Bring on the Heat

Contrary to popular belief, the cutting edges of cutting tools don’t actually produce chips. What happens is that the pressure of a rapidly spinning tool on a work piece plasticizes part of the parent material, creating a shearing effect that forces the material to ride up the tool. The flute and tool geometries form the chip and force it away from the tool body until it breaks off and evacuates.

Green Wing Partners
1 Source: Mylek, S., Bring on the Heat, CNC Software, Tolland, CT, October 1, 201

How can you make your CNC machining processes more effective?  One of the biggest takeaways is a heightened appreciation for the roles that machining parameters and heat play when cutting metal. Therefore, it is generally a mistake to back off on the feeds and speeds to “protect” cutting tools and parts from heat damage.

Constant chip thickness is needed for keeping an optimal amount of heat in the chip and directing it away from the tool and work piece. Heat is not always the enemy. Rather, it is an essential ingredient of the cutting process and should be carefully managed to create optimal material-removal conditions.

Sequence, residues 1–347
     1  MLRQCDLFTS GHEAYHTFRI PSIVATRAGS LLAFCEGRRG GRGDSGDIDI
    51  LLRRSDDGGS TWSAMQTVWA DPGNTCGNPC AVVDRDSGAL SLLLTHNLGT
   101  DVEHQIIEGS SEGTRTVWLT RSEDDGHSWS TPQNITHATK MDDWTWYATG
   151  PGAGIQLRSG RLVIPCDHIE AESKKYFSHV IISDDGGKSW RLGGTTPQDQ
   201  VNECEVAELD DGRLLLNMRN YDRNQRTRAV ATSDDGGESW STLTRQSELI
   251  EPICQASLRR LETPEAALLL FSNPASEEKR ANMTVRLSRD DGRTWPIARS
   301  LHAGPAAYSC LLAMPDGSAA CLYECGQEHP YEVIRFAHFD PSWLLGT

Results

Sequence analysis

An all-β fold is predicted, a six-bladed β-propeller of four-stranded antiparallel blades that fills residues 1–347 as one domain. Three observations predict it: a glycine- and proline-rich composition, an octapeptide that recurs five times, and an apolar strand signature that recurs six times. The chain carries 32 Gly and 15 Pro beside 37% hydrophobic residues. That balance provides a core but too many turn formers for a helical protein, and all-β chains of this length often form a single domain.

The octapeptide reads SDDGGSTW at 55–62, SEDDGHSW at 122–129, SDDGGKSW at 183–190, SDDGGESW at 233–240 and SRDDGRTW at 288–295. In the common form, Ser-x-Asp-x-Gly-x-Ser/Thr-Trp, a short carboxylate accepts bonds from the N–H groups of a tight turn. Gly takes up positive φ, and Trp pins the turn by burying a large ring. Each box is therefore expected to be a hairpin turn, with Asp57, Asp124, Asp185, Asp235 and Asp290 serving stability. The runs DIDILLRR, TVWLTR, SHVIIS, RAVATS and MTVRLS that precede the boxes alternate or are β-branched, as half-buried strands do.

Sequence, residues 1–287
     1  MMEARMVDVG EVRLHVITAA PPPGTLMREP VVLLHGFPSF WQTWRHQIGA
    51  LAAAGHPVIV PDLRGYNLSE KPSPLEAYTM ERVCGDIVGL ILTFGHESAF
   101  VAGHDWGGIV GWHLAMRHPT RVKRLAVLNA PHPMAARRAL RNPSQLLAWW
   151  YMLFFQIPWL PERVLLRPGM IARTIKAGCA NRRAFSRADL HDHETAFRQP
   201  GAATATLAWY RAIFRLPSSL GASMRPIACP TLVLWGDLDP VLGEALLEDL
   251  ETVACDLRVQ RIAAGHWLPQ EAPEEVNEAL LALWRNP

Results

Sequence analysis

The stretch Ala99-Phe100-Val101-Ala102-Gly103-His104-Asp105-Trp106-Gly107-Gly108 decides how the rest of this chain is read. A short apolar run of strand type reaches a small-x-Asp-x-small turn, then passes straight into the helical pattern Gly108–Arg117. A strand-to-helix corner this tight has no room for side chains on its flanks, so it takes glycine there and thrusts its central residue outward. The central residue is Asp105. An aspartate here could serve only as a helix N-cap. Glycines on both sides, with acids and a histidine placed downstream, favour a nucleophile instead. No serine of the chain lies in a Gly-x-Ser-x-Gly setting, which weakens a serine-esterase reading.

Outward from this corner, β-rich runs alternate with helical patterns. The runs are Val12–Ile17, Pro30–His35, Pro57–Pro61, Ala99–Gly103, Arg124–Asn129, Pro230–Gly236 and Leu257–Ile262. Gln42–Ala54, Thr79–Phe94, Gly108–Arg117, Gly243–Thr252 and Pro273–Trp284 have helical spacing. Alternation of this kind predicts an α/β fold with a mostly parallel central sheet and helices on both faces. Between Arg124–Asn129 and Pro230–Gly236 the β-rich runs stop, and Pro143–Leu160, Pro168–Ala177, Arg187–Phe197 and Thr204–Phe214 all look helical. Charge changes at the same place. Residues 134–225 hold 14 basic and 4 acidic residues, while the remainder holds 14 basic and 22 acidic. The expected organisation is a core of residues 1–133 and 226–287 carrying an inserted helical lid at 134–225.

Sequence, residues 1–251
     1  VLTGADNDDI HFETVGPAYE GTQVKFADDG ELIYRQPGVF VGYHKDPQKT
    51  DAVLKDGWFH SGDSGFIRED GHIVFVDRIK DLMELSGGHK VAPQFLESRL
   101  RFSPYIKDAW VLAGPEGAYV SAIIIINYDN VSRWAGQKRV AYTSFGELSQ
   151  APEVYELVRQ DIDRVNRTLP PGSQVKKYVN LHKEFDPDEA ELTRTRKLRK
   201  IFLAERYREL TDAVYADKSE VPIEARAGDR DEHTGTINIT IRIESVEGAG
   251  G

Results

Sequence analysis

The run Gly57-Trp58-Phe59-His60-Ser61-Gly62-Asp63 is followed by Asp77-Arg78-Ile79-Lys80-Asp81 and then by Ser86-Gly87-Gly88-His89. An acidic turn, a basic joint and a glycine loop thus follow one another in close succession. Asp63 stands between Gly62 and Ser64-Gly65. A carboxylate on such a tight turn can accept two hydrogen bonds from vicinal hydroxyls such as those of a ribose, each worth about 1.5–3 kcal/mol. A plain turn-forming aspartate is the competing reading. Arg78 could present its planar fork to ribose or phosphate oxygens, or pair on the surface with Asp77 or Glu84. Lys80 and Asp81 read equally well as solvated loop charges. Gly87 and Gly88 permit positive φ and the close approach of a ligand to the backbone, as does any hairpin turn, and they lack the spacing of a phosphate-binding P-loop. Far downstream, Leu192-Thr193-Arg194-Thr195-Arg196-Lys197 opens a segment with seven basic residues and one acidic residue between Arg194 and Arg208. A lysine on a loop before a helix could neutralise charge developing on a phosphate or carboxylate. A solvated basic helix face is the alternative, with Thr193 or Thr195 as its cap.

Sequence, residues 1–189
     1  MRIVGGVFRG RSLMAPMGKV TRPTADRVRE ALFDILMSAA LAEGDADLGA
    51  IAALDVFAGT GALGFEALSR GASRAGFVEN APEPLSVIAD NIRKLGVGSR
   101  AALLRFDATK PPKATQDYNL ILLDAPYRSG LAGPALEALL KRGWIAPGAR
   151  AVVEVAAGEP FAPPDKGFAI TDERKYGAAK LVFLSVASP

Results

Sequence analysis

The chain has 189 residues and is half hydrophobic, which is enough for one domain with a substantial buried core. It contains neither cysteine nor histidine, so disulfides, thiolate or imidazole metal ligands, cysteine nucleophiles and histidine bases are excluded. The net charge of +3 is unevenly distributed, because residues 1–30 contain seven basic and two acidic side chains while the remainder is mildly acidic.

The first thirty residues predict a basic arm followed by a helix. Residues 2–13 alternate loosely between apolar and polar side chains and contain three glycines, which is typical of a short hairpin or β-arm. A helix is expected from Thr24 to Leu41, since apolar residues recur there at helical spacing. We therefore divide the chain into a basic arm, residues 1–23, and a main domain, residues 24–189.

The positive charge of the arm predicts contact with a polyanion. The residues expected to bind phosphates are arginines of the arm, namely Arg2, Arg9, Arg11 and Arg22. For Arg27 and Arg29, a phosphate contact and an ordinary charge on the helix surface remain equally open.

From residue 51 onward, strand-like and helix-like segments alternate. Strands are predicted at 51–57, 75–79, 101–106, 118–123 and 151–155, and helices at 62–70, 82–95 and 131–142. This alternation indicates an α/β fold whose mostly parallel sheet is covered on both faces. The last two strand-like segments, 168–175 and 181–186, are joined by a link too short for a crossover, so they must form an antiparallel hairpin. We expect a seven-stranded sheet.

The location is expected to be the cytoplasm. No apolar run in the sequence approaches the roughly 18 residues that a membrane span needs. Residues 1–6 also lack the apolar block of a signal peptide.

Heat, and lots of it, is needed within the shear zone for efficient material removal.  However, that heat should not be allowed to linger, lest it migrate into the part or the cutting tool. Instead, the heat must be removed via chip formation and evacuation.

Our temperature-controlled technology pulls all excess heat down through the part and away which maintains the part, the vacuum fixture and the bed of the gantry itself at a constant temperature of 68°F ± 3°F.  This effectively minimizes thermal expansion and maintains dimensional accuracy for bore and pocket depth and overall size.  This allows us to maintain a 53’ skin to 636” ± .048” vs. a typical ± .496” on a very hot day in a non-air-conditioned shop.